Which is the most terrifying novel ever

Worst wedding night ever

Ian McEwan's new novel "On the Beach"

By C├ęcile Leupolt

Discussed books / references

After his successful novels "Amsterdam" (1998), "Atonement" (2001) and "Saturday" (2005), Ian McEwan's tenth novel, "Am Strand", was published in April 2007. Like many of his texts, this is only 200 pages long and can easily be read in a few hours. McEwan's preference for the short novel form (novella) possibly derives from his debut as a short story writer ("First Love - Last Rites", 1975; "Between the Linen", 1978), but "Am Strand" certainly strengthens its reputation as a master of the short form.

"On the Beach" is the humorous and painful portrayal of the thoroughly unsuccessful wedding night of two newlyweds in prudish England in the 1960s. More precisely, the action takes place in 1962, a date that the British author chose very deliberately. Because at the beginning of the 1960s, the subject of sex was still an absolute taboo, as the English poet Philip Larkin humorously expressed in his poem "Annus Mirabilis": "Sexual intercourse began / In nineteen sixty-three / (which was rather late for me ) - / Between the end of the Chatterley ban / And the Beatles' first LP. "

For Edward and Florence, the protagonists of "On the Beach", the sexual revolution comes too late, because at the time of their wedding it is completely unthinkable to speak openly about sex. What should be one of the most beautiful events in a person's life quickly becomes a nightmare for these two 'virgins'. Fundamentally different expectations and unspoken fears turn the bride and groom into antagonists at the crucial moment. While Edward can't wait to 'consume' his marriage, for Florence this is the sacrifice she must make in order to be with Edward: " She just didn't want her to be 'penetrated'. Sex with Edward couldn't be the height of her pleasure, just the price she had to pay ". Florence is terrified of the act of love itself, but neither this nor Edward's fear of failure the first time is ever put into words by the protagonists. This lack of trust and communication inevitably leads to disaster. Edward arrives too early and his bride, disgusted by the sight of his premature ejaculation clinging to her body like slime, runs headlong out of the bridal suite overlooking the ocean to recover from the shock on the beach alone.

Ian McEwan is a master of the fictional elaboration of what many of his critics call the "transfiguring event", a traumatic experience that irrevocably changes the lives of everyone involved. In "Ein Kind zur Zeit" (1987) it was the child abduction that was never cleared up, in "Liebeswahn" (1997) the tragic hot air balloon accident and in "Atonement" (2001) the wrong words at the wrong time. For Edward and Florence, their wedding night 'on the beach' becomes a trauma. In contrast to "Atonement", in which the naive and unfounded accusations of a thirteen-year-old girl had catastrophic effects on the lives of others, the protagonists of "Am Strand" seal their own fate. Their persistent silence and their inability to compromise block their path to reconciliation.

Once again, McEwan is playing with the expectations of his readers. Instead of revealing the traumatic experience directly - as for example in "Liebeswahn", in which the description of the hot air balloon accident is already on the first pages - the British author excites us this time extremely on the torture by shortly before the 'climax' (before Edward and Florence go into the bedroom) inserts extensive passages on Edward and Florence's past. In an interview with the New York Times, McEwan describes this as a kind of 'foreplay' with the reader. The alternation between fast-moving action and slow, detailed background information not only reflects the ups and downs of the sea on the beach in Dorset, which serves as a backdrop, but also creates - similar to the methods of a detective novel - an almost unbearable arc of suspense for the reader.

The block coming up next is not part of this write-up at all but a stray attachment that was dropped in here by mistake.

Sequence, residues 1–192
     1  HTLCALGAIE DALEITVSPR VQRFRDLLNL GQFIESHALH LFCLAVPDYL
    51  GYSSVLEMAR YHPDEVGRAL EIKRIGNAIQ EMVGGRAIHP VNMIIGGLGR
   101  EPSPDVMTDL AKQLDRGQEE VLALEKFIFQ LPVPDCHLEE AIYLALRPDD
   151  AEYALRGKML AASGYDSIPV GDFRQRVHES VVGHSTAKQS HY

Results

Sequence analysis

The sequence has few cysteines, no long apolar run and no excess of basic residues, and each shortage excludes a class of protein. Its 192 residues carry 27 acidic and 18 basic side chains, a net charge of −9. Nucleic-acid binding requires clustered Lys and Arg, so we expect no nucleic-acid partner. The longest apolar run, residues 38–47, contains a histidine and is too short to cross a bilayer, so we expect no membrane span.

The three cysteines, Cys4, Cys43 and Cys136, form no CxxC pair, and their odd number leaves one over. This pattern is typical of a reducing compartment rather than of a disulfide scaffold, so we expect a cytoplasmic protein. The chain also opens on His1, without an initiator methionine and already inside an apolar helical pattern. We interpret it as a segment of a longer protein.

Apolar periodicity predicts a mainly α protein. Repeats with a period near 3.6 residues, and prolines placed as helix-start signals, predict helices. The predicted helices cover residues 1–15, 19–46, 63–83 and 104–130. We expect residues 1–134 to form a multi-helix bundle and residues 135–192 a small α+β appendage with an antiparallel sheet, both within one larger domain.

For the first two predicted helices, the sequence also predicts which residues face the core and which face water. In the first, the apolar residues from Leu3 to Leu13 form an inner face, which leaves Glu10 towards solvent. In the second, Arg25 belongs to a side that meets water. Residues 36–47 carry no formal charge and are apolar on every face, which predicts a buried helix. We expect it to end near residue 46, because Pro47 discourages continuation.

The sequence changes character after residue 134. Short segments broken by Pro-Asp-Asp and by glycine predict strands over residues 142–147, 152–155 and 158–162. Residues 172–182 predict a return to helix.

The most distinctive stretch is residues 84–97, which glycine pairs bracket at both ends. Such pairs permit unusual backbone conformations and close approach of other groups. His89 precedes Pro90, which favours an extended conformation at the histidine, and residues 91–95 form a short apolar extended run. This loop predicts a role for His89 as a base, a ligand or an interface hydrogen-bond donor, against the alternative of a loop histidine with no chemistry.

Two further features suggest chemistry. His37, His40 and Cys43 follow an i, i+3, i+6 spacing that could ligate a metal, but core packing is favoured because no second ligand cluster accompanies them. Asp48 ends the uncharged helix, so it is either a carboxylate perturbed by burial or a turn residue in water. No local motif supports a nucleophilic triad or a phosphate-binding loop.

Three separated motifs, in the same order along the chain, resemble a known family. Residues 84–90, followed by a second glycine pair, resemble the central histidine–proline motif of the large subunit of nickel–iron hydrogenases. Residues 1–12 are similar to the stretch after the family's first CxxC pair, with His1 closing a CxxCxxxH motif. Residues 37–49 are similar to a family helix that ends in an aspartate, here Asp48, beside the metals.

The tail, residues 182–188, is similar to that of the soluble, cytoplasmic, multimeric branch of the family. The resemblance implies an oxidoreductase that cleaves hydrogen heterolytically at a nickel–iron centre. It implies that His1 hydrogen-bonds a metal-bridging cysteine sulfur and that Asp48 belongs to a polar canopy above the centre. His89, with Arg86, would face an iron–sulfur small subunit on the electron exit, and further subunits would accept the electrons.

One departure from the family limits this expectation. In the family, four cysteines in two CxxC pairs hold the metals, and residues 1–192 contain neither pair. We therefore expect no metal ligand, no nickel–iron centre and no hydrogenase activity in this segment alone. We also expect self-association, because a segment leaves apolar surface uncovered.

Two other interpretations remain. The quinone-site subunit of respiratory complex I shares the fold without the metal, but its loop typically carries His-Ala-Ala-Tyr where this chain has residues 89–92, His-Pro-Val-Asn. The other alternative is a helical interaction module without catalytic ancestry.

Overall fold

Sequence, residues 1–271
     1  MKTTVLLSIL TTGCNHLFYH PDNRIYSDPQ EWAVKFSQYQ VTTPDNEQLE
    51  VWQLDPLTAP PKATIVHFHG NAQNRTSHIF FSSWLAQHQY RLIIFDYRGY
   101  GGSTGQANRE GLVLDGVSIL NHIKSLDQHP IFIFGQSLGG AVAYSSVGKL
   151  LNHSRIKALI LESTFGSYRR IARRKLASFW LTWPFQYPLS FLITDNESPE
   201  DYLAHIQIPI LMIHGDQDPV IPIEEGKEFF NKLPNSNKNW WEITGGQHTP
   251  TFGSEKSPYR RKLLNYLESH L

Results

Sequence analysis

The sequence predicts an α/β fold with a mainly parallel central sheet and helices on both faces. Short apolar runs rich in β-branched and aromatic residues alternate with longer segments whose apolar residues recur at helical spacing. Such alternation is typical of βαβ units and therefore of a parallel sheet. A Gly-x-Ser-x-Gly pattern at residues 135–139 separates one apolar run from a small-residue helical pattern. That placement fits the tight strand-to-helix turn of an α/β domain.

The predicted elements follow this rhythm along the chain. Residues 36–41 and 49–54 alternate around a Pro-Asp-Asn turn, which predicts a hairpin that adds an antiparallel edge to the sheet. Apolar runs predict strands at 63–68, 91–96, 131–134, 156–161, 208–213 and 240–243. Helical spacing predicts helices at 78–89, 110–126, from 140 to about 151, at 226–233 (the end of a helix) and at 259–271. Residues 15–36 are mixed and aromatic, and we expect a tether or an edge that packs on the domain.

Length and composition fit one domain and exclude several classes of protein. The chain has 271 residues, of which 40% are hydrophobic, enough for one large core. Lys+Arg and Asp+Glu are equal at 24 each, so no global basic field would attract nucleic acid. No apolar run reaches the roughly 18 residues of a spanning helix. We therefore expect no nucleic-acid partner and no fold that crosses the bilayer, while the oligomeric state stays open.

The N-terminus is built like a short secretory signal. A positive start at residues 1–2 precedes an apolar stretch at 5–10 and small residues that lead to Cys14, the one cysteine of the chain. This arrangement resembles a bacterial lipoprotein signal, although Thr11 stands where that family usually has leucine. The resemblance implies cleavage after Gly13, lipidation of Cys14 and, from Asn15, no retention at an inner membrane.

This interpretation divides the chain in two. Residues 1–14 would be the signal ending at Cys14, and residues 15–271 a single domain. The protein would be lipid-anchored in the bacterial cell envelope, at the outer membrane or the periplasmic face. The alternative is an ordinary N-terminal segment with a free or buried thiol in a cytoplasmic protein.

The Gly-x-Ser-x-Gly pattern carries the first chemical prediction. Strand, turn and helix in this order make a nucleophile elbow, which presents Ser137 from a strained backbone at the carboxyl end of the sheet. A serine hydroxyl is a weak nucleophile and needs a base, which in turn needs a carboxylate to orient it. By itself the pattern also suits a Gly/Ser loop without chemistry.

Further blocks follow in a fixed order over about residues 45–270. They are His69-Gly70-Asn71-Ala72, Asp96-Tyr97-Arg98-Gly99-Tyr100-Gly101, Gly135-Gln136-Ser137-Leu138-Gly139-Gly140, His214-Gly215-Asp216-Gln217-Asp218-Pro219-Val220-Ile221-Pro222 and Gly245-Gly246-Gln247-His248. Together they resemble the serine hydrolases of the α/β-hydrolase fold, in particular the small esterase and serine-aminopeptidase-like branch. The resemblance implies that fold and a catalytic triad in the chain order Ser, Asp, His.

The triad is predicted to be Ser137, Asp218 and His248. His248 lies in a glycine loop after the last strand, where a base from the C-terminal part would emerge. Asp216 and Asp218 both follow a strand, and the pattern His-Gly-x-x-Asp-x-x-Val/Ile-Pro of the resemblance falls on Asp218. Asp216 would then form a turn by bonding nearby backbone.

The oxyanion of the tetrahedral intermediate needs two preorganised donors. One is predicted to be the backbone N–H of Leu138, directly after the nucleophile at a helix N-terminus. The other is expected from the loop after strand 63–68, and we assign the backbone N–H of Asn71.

Of course, after the first few pages you are dying to know how Edwards and Florences' 'first time' ends. However, by deliberately withholding information initially, it forces the reader to read the novel on different levels. Otherwise, he runs the risk of overlooking subtle but important hints, such as the implied sexual abuse of Florence by her father, which offers a possible explanation for her extreme aversion to sex. McEwan's precision work at the sentence level pays off, because "Am Strand" once again proves his outstanding talent for the meticulous and accurate representation of extremely complex emotions.

McEwan uses the traumatic or 'transfigurating' experience as a narratological tool. It enables him to put his protagonists to the test by confronting them with an extraordinary, physically destabilizing situation. In an instant her world, which was just fine, collapses. Attraction turns into disgust, tenderness into brutality, love into hate. The wedding night, which has escalated into a traumatic event, elicits extreme, deeply hidden emotions from the protagonists and thus reveals in one fell swoop what McEwan analyzes in his psychologically oriented novels in a striking way: human nature.

Despite the somewhat strange innocence and ignorance of sex that both protagonists display from today's perspective, the subject is still of universal interest. Even in the age of sexual liberation and enlightenment, many people find it extremely difficult to talk about sex, feelings and their associated fears.

The exciting and sensitively written novel is both stylistically and thematically well done and will not disappoint the ever increasing number of McEwan fans.

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